And off again immediately by dusk back into town, visit, find food: Il Galletto doesn't do food. Getting cold and damp, but not enough to get in the way of beauti­ful Corciano; and the joy of this camera! that takes pictures basically in the dark. . . . Withal, Corciano all lit up, and I take more pictures than I normally would, reasoning (correctly as it turned out) that the artificial illumination will give me far clearer photographs, more defined shadows for example, than the dismal weather, which was supposed to get worse today and did.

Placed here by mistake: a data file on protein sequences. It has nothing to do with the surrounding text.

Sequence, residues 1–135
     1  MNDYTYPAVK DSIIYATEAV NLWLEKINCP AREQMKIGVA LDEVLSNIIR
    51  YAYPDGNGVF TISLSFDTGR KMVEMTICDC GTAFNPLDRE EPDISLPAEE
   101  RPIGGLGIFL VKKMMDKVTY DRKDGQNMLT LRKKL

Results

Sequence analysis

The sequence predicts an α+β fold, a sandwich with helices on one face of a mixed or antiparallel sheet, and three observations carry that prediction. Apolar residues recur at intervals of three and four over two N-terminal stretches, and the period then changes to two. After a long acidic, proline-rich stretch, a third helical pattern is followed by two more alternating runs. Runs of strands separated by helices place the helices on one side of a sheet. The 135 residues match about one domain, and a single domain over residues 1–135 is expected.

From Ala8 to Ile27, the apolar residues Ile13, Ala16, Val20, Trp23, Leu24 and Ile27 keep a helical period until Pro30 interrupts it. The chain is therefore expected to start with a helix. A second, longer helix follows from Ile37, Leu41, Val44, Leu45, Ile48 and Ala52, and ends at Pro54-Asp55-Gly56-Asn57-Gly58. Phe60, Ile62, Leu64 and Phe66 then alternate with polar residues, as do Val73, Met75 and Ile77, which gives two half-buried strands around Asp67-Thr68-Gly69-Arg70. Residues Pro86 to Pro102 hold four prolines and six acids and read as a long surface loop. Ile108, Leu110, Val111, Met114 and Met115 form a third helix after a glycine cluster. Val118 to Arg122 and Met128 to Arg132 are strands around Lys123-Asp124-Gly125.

Finally though Corciano ran out, and cold and hunger took over and I found the one place in town to eat, Ristorante del Convento, right behind S. Francesco (built like much of the town by the way of Subasio stone, another point in Corciano's favor and to make me feel right at home).

Dinner was good. Scary since greeted by tuxedo'd young waiter, so immediately I asked him am I going to be able to get out of here without dropping 100 euros. Assured I could — cast an eye at menu — I ate dinner; too expensive as it is, but marginally OK, call it a celebration of my first new comune since 2000: the real beginning of my stay in Umbria.